1. Here are four ways to attach a style to your text:
A. You can specify a style for any element, as is usually done for older
browsers. For example, you can type for each paragraph:
<p><font-face="Arial, Helvetica, sans-serif"> to make sure the paragraph or other selected text is displayed in that style.
B. You can embed a style sheet in between the <head> and </head> tags. To make sure the style sheet is not displayed by older browsers, type the style definitions between <!-- comment lines -->. After your doctype declaration and <html> tag the structure would be:
Don't forget to use the comment tags before and after your style specifications so older browsers that don't support style sheets don't garble your code.
C. You can attach an external style sheet to your document. You create the separate style sheet as a document with a .css extension and store it on your site. In between the <head> and </head> tags of your document you link to the style sheet by typing:
<link rel=stylesheet href=stylefile.css type="text/css">
where "stylefile" is the name of the style sheet with its .css extension. Note that the "text/css" must be within quotation marks. This one line takes care of the entire page. Note that if you go on to do xhtml, you will always need to link rather than embed your style sheet.
D. You can import a style sheet from another location by typing the link in between the heads as:
where "nameof stylefile" is the file name on the site where the stylesheet is stored. The ability to do this will someday mean that people can create and offer a complete stylized look for a page. Web designers will be able to simply link to the style sheet kept somewhere on the web. If you look at the source code for http://www.ohlone.cc.ca.us/people/DWang, you will see that I imported a style sheet from the W3C. See how differently the page displays in Netscape and Explorer. Since the style sheet is from the W3C, I am confident that the style sheet is correct and that the problems with display are because the browser doesn't support all the features of a style sheet.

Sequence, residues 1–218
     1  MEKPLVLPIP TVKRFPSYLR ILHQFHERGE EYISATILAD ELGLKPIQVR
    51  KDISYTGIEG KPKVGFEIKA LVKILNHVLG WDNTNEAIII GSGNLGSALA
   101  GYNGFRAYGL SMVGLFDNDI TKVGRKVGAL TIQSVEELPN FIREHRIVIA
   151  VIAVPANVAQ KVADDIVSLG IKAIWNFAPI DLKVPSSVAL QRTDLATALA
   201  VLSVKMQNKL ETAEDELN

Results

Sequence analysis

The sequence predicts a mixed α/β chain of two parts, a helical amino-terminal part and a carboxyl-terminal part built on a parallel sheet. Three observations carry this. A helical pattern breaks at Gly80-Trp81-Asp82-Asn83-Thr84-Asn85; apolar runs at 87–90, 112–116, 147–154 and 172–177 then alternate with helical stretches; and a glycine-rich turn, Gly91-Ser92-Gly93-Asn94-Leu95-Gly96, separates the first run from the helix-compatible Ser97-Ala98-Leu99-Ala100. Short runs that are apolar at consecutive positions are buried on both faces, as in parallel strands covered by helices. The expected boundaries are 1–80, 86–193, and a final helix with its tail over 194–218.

2. You specify font-family so that if a computer does not have the font you have chosen it can fall back to an alternative. Most PCs display their sans-serif font as "Arial" while Macs use "Helvetica". So it is important to always name both.
3. The "em" refers to the height of the element's font. This is useful since you can specify other font sizes relative to the basic font size. For example, if you set the font size for p tags as 10pt you can define the h1 tag as 2em. W3C recommends using relative units like this so that they adjust to the variety of monitors. For more information about "em" see "Understanding Em" by Daniel Will-Harris at Web Review.
4. The "line-height" controls what is typographers call "leading", the space in between lines. This is the measure from the bottom of one line to the bottom of the next. Like the font-size, this can be done with absolute or relative values. It is good to have a generous line-height for text on the web. Style sheets enable you to have a 130% line-height like this page, for example. The default for most browsers is more like 120%.
Copyright by dwang, 1999, 2000. All rights reserved.